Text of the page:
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Circulation. 1978 Aug;58(2):354-64.

Models of congenital heart disease in fetal lambs.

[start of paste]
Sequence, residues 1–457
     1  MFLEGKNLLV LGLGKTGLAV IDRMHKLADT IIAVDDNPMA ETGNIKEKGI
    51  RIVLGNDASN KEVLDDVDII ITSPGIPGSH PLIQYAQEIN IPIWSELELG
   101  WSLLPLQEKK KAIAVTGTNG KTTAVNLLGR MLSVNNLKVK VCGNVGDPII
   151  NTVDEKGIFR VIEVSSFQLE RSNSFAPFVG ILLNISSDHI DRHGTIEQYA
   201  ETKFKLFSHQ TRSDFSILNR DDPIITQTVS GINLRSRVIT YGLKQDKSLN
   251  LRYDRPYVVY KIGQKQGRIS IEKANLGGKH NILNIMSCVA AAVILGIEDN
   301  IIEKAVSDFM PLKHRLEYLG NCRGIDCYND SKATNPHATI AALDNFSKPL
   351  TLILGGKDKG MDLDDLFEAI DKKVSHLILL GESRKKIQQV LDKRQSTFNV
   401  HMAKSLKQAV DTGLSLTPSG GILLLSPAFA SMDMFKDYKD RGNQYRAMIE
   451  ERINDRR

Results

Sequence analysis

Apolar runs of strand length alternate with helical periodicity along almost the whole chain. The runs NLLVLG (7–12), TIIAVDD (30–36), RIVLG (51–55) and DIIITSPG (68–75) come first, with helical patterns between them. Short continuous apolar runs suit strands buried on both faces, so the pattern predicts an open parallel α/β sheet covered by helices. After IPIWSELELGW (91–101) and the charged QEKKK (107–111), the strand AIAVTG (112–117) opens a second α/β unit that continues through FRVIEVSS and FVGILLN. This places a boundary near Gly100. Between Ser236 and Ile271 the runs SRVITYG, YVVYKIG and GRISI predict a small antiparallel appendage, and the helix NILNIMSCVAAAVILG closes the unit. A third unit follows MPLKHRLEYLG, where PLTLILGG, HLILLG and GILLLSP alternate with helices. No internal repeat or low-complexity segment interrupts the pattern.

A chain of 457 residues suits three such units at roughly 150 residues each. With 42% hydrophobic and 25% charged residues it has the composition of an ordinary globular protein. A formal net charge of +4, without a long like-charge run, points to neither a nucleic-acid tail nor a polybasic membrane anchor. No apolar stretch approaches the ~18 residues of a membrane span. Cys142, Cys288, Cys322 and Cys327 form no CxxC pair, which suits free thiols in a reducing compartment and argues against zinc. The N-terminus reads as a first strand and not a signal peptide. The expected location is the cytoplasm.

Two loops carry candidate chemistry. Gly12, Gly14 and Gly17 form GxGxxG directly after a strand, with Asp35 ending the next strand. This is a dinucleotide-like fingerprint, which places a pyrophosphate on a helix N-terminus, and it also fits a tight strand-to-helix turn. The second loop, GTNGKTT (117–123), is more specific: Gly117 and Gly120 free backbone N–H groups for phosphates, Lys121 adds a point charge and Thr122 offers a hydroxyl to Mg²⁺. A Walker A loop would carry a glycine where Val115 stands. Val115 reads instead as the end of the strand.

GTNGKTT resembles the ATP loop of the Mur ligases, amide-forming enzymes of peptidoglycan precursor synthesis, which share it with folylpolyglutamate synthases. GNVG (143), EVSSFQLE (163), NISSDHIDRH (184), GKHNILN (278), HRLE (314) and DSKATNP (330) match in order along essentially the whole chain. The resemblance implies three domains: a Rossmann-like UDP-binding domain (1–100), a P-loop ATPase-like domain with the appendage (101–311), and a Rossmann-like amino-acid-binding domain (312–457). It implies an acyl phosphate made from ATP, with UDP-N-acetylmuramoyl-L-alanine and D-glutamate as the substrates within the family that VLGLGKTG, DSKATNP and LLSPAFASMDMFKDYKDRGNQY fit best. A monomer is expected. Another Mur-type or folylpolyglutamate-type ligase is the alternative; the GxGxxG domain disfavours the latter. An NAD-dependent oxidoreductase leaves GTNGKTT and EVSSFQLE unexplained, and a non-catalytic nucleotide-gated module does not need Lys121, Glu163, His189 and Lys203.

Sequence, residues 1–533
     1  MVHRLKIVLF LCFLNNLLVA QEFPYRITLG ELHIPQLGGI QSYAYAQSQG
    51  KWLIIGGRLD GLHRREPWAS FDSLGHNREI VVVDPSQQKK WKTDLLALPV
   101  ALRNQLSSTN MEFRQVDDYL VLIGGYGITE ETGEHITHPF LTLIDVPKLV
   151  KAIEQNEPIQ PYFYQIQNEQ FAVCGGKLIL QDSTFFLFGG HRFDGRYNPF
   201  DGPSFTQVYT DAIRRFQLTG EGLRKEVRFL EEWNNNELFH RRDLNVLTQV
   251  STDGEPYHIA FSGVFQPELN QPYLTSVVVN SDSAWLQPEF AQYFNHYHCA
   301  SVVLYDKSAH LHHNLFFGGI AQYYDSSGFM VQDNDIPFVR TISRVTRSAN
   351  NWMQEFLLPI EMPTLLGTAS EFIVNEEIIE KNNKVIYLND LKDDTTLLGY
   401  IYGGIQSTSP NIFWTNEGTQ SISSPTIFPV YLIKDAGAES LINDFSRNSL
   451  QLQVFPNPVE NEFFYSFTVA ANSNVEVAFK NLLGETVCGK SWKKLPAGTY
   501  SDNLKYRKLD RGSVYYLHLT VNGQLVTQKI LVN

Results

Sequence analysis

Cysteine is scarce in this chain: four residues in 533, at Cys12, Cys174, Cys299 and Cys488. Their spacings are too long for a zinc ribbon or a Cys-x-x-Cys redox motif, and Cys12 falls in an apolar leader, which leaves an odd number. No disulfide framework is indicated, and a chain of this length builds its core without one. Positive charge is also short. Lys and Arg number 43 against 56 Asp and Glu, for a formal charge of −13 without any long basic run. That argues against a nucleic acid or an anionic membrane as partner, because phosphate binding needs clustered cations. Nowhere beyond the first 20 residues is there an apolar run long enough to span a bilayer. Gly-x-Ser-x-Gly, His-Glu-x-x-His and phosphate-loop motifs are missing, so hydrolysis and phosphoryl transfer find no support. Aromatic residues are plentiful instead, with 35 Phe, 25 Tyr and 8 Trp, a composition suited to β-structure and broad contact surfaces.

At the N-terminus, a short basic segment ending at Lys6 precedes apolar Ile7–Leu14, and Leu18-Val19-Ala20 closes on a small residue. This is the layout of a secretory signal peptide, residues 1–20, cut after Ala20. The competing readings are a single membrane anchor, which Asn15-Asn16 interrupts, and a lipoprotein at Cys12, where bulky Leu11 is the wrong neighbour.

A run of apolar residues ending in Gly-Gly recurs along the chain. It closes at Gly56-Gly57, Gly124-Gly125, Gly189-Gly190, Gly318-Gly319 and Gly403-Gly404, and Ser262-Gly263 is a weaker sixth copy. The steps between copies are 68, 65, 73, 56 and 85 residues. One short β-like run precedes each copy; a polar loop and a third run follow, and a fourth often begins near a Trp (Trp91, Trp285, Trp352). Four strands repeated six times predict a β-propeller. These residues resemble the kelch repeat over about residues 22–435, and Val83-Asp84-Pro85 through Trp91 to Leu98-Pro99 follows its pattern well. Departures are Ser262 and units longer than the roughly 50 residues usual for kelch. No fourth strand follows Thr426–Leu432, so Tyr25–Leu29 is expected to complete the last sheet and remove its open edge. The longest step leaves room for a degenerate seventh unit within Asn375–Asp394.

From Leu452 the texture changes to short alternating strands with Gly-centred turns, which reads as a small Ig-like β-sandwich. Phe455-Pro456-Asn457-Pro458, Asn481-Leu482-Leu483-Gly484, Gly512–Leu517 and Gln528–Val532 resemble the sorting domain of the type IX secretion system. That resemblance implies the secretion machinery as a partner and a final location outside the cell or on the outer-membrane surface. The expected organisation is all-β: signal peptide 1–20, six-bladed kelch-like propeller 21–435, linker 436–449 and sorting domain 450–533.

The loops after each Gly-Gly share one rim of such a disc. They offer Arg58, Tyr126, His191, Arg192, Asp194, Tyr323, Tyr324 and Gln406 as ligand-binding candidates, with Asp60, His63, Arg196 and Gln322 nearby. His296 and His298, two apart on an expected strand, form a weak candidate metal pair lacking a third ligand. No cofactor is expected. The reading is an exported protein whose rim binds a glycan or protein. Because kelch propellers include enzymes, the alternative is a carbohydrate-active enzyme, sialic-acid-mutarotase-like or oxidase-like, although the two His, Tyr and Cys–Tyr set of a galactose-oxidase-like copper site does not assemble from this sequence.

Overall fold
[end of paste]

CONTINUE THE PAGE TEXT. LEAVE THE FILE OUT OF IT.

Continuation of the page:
Intracardiac flow patterns were chronically altered by partially obstructing left ventricular (LV) inflow or outflow in midgestational fetal lambs. Physiological measurements of the fetal circulation were made serially through indwelling catheters and the use of radioactive microspheres. With LV inflow obstruction, mean LV output (LVO) decreased to 30% of control (P less than 0.01). Within seven days, the LV/right ventricular (RV) weight ratio decreased to 70% of control (P less than 0.01), and the mean LV/RV chamber volume decreased to less than one-half of control (P less than 0.001), simulating an early form of the hypoplastic left heart syndrome. With LV outflow obstruction, mean LVO decreased to 64% of control (P less than 0.05). Mean LV/RV wall thickness doubled (P less than 0.0001) and mean LF/RV chamber volume decreased to less than one-half of control (P less than 0.0001). Within four to ten days after increasing LV afterload, a large increase in LV mass occurred, which was demonstrated by morphometric analysis to be due to hyperplasia of ventricular myocytes. LV chamber volume decreased somewhat, simulating moderately severe congenital aortic stenosis. Over the long term (30--36 days), the mean LV/RV weight ratio decreased and the LV chamber was nearly obliterated, simulating very severe congenital aortic stenosis. The results suggest that by varying preload and afterload in both ventricles of the fetus, various forms of congenital heart disease may be simulated.

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